You are currently browsing the monthly archive for June 2012.

It seems to me that in order for the Catholic Church to make any kind of meaningful recovery from the current dismal situation of international moral turpitude, there will have to be an overhaul of the Code of Canon Law, and a re-education of the bishops in the inappropriate use of “mental reservation” which has been used to avoid telling the truth to civil authorities and to victims.  It is pointless for reforms to be written in country after country if the priests and bishops can ultimately still lie while they assuage their consciences by recourse to Canon Law and archaic Catholic Moral Doctrine. Bishops are still instructing victim’s advocates to never admit there has been other accusations against, or other victims of, a particular priest. It has to stop. The dishonesty and denial has to stop.

Canon Law.

We need to have the Vatican remove Canon 1728.2. To quote Sr. Maureen Turlish:

While possible victims of childhood sexual abuse and other lay witnesses are asked to take an oath to “tell the truth, the whole truth etc.” during a canonical trial concerning the public good, an alleged priest-perpetrator is not. Canon 1728.2 says, “The accused is not bound to confess the delict [crime] nor can an oath be administered to the accused.”

The Scandal of Secrecy

It is time to open all the secret archives, and have an independent non-Catholic committee review the documents for records of criminal behavior. The privacy of priests should be upheld except in cases of written record of criminal behavior such as the sexual abuse of minors.

… canon law encourages — and even requires — church leaders to engage in secrecy so as to prevent scandal. If a bishop suspects a cleric has committed sexual abuse, for instance, canon law requires the bishop to conduct an investigation (or delegate the investigation) and then place the results into a secret archive. Those privy to such investigations swear secrecy and risk excommunication for violating that secrecy, note the authors.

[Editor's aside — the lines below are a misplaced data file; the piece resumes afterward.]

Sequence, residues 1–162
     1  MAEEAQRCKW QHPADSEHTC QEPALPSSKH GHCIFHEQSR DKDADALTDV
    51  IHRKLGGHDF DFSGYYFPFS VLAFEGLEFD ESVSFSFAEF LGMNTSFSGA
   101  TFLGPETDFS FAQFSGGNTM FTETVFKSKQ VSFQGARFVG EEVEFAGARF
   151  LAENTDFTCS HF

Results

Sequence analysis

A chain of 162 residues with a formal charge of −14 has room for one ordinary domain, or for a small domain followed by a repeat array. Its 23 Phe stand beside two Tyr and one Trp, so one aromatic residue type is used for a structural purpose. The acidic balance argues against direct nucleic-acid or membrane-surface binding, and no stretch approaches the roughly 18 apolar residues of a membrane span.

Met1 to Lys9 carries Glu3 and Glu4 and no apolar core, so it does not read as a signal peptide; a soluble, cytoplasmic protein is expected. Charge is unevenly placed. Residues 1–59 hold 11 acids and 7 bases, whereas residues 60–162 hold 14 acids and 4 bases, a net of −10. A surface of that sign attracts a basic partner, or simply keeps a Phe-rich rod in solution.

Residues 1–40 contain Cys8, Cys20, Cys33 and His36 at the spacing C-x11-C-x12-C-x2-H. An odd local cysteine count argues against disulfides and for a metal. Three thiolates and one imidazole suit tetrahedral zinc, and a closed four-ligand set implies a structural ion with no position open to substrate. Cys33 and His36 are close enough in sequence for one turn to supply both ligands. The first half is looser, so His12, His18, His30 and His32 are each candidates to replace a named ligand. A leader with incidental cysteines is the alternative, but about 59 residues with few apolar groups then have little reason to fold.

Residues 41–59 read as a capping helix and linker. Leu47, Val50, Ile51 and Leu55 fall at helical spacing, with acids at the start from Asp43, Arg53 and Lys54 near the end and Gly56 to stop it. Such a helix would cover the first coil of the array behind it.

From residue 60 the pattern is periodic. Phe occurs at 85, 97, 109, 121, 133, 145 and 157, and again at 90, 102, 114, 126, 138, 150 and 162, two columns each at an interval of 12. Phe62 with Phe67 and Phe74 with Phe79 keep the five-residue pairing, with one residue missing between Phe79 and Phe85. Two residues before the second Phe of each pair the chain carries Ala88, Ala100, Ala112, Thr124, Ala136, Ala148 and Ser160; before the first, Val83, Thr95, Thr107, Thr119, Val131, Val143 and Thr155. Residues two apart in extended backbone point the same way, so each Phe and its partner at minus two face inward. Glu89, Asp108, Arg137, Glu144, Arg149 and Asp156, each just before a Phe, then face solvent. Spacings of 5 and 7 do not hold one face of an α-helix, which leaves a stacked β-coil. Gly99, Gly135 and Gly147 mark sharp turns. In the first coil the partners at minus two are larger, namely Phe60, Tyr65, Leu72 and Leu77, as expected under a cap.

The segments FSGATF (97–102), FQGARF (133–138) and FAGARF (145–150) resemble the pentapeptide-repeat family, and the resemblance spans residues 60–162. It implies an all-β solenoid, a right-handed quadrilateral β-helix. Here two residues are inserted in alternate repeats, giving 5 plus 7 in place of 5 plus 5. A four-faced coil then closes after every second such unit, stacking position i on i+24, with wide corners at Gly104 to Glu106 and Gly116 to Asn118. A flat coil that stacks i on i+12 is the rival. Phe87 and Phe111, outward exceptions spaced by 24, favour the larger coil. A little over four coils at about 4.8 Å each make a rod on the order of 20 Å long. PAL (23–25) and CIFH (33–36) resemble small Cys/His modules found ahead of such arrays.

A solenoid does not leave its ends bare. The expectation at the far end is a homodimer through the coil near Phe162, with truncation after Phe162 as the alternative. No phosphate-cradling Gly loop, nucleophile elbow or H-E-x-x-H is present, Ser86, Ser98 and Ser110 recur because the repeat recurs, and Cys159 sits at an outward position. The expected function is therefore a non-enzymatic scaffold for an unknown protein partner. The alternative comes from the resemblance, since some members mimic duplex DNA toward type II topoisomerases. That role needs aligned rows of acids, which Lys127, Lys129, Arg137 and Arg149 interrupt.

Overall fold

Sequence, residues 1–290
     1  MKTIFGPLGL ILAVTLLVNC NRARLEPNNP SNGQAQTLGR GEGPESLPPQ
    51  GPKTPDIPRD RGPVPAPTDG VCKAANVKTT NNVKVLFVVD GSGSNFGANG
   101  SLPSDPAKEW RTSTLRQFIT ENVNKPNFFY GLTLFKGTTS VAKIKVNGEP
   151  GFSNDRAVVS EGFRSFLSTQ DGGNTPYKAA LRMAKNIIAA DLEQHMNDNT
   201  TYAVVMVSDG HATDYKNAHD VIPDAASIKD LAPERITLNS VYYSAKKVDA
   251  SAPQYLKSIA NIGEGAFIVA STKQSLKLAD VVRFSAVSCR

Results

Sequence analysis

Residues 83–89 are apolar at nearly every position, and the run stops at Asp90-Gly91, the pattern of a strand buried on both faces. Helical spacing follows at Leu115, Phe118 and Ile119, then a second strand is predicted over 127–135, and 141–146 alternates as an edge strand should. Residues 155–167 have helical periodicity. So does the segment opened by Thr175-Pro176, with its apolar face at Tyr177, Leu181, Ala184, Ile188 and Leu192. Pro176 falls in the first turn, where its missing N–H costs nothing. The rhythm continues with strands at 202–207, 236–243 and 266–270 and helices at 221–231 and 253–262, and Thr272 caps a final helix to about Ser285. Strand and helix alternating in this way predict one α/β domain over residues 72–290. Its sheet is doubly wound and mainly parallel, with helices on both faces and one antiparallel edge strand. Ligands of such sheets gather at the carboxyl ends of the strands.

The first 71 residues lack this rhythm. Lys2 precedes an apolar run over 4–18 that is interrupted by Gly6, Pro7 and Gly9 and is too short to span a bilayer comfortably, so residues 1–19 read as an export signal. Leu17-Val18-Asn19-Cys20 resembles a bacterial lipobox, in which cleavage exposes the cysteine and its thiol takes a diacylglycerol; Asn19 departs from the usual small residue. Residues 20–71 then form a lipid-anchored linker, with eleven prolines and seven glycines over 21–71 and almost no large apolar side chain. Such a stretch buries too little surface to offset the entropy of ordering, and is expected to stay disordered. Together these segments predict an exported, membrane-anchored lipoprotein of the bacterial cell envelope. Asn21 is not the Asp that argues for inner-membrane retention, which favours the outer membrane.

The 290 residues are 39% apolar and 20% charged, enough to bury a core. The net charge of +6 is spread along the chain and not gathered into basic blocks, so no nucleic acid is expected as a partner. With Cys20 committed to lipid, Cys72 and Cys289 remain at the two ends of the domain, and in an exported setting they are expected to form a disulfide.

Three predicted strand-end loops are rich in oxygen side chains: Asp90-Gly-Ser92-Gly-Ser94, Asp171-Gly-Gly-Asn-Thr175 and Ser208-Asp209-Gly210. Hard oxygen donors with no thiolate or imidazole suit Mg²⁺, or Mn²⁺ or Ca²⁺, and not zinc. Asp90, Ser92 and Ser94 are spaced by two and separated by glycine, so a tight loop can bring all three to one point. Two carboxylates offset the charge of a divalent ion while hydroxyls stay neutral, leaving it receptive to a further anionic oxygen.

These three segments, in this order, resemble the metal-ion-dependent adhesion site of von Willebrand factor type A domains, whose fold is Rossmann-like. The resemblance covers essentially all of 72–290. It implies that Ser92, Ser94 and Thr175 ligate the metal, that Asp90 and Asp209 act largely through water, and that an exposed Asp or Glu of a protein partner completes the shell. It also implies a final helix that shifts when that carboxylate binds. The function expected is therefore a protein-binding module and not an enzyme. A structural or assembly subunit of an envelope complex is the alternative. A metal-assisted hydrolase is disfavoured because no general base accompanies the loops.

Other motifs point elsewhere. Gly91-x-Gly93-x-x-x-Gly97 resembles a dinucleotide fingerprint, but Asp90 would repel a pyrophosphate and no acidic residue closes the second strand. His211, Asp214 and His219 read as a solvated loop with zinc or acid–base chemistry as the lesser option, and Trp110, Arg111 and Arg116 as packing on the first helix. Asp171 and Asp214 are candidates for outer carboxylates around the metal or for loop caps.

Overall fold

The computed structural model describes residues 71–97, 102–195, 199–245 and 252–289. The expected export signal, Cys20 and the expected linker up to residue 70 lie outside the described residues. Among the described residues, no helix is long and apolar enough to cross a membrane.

From a review of Sex, Priests and Secret Codes, Thomas P. Doyle, A.W.R. Sipe and Patrick J. Wall, Volt Press.

Mental Reservations

We also need to remove the option of “mental reservation” from the bishops play book. Because despite its “official” rejection it continues to be implemented. Why? Because it serves a useful purpose.  To refer to the same review quoted above:

Then there’s the technique of mental reservation, which, say the authors, is used by a person who is caught between an obligation to keep a secret and a duty to tell the truth. Furthermore, Catholic moral theology allows a person caught in such a dilemma to use misleading words to deceive another so long as a deliberate lie is not told. This is commonly employed in order to avoid a greater harm.  Justification for mental reservation is built into the oath cardinals take to never reveal to anyone whatsoever has been confided in me to keep secret and the revelation of which could cause damage or dishonor to the Holy Church. This might go a long way toward explaining why church officials lie about scandal when, as the authors contend, honesty is the best policy.

From a review of Sex, Priests and Secret Codes, Thomas P. Doyle, A.W.R. Sipe and Patrick J. Wall, Volt Press


Enter your email address to subscribe to this blog and receive notifications of new posts by email.

Join 43 other followers

Traces of Hope

From Faith to Doubt to ... Hope? A search for meaning after tragedy and loss.

The Renegade Press

Tales from the mouth of a wolf

Michelle Lesley

Discipleship for Christian Women